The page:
Just one Fox, Just one UFC

Posted: August 23, 2011 in Local MMA, Marketing, PR, Social Media, Strikeforce, UFC

Where does the time go?  I went from blogging 1-2 times a day, to a more digestible once a week, to being MIA for almost 2 weeks!  Well, my apologies loyal reader(s).  I’ll be better moving forward.

My next blog post was going to focus on Dennis Hallman’s wardrobe malfunction and how not all press is good press, however I think we can skip that lesson.  Last week the UFC dropped the bomb of bombs, it has secured the final piece of its media empire: a broadcast television deal with Fox Sports.

The Details:

The Ultimate Fighting Championship® (UFC), the world’s leading mixed martial arts organization and No. 1 Pay-Per-View event provider in the world, finds its perfect media match in FOX, the No. 1 television network in the country. FOX Sports Media Group, the umbrella entity representing FOX Networks Group’s wide array of sports platforms, has reached a multi-year, multi-media rights agreement with Zuffa, LLC, owner of the UFC brand.

The landmark agreement, which puts UFC on par with many of the country’s professional sports organizations, delivers four live events in prime time or late night each year to the FOX broadcast network, home to the country’s biggest sports events, including the Super Bowl, World Series and Daytona 500. The first live event airs Saturday, Nov. 12 at 9:00 PM ET/6:00 PM PT. Additional programming on multiple FOX networks launches January 2012 and includes live fights, pre and post shows, countdown shows, UFC Unleashed, UFC Primetime, the UFC Knockout series, Best of Pride, weigh-in specials, and much more original content from extensive Zuffa archives.  The agreement also provides for developing robust mobile and authenticated online offerings to exploit a vast array of digital platform rights.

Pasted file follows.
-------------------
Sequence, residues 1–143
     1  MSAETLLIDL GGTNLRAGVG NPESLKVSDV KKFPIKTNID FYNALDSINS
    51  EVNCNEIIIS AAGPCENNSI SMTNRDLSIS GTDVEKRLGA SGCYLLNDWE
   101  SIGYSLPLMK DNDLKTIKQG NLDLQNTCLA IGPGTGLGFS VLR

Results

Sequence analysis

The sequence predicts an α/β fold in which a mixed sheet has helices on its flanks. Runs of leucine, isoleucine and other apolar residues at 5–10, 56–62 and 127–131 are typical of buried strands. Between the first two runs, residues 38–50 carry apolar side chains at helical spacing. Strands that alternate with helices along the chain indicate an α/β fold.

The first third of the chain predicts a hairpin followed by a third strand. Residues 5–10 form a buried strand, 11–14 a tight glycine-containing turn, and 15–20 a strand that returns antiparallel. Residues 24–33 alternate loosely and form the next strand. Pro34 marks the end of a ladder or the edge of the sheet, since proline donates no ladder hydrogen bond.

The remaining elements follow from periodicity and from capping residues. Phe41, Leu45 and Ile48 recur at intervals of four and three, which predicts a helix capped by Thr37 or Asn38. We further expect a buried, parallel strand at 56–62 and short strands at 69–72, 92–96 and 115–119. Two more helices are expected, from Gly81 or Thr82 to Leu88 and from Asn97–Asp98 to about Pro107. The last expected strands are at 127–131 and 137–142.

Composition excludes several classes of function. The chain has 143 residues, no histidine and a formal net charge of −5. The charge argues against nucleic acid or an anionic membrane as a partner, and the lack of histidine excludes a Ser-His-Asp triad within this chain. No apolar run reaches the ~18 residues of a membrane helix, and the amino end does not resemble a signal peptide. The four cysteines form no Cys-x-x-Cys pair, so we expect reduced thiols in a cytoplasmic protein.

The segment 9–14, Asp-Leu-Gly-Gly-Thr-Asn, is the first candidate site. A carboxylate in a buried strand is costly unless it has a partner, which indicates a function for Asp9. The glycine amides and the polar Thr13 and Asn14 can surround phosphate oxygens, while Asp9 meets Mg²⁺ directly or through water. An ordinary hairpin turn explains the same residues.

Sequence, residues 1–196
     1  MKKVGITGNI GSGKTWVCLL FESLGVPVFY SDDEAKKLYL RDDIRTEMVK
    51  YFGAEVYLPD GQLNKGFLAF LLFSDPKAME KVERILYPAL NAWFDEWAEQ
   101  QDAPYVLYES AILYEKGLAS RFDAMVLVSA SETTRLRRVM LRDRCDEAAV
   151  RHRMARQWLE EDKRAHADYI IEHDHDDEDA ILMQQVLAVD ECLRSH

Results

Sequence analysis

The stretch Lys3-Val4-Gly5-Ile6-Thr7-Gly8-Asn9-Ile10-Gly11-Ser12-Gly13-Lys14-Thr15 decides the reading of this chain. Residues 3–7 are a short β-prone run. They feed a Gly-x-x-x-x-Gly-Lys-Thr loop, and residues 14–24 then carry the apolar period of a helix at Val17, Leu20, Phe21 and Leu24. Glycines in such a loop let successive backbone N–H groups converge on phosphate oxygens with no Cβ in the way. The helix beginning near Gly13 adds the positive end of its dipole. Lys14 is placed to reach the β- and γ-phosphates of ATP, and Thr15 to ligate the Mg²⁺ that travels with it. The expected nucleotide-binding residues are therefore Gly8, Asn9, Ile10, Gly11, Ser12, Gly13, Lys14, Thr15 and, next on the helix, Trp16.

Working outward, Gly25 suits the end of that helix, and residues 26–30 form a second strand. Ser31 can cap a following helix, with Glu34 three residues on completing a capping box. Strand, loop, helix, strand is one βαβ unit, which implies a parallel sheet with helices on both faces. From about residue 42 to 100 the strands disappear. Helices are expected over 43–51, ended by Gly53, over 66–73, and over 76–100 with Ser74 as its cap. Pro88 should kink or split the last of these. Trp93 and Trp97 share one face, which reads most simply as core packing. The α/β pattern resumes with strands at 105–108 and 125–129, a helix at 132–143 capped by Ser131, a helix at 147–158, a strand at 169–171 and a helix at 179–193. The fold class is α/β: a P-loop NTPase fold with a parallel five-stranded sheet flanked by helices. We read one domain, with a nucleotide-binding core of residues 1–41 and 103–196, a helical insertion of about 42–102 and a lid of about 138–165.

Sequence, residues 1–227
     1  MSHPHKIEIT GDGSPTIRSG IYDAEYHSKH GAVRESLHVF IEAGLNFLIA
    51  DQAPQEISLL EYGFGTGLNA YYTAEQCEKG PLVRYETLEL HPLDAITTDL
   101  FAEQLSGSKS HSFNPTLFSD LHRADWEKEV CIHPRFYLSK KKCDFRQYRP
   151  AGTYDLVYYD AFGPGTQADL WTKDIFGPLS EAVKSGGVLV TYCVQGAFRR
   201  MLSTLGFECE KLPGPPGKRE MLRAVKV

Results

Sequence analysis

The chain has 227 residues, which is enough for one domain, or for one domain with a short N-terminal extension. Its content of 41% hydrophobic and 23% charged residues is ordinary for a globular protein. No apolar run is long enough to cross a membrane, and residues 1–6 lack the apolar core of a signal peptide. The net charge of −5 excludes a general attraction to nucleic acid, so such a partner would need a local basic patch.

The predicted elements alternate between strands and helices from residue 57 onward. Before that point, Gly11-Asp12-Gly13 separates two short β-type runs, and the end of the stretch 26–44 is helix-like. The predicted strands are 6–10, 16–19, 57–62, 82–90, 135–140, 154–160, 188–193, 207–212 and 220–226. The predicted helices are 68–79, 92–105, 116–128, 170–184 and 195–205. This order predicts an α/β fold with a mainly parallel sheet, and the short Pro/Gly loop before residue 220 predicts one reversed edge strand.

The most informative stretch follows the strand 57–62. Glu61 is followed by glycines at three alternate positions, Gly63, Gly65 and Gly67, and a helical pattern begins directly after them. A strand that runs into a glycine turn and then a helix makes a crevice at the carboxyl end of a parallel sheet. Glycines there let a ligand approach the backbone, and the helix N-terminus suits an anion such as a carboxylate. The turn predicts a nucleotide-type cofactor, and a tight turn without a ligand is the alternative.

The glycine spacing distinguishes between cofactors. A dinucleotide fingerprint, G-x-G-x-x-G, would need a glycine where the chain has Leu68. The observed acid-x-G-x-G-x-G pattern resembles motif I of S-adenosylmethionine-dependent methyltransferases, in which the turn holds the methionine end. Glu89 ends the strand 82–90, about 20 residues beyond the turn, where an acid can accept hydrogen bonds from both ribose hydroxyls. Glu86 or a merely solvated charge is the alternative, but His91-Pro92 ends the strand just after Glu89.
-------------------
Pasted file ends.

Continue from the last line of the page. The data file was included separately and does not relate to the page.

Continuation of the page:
In spring 2012, THE ULTIMATE FIGHTER, UFC’s signature weekly reality show moves to FX, FOX’s general entertainment cable network now in more than 99 million homes.  With the move to FX, the show will feature a newly-designed format. FX is also set to televise another four-to six-live UFC events annually, with a mixture of additional events and programs heading to FSMG cable networks including FUEL TV.  

For full press release please see: “UFC & FOX PACK PERFECT PUNCH”

(BTW, Kudos to the UFC PR team for a clever subject line.  Too often we get roped into very corporate intros.)

The Pros:

  • As much as I hate to admit it, there are few media giants (outside of ESPN) in the sports world than Fox sports. The exposure to this network’s audience will blow away anything Strikeforce had accomplished with CBS and certainly anything the UFC has done with SPIKE TV. This deal will put the UFC next to MLB, NFL, NASCAR among others.
  • This will dramatically increase MMA education.  Dana White and the UFC brass have been very clear that this deal will require more of a 101 approach than any other.  The general public will not know a proper stoppage from a submission, and certainly will know nothing of the judging/point system.  This will help remove those last few detractors that still think this sport is an underground affair.
  • A world of new sponsors.  With a broadcast deal in the works any sponsors that were hesitant to throw their hat into the UFC ring, will no longer take issue as they will more comfortably align with the Fox sports team.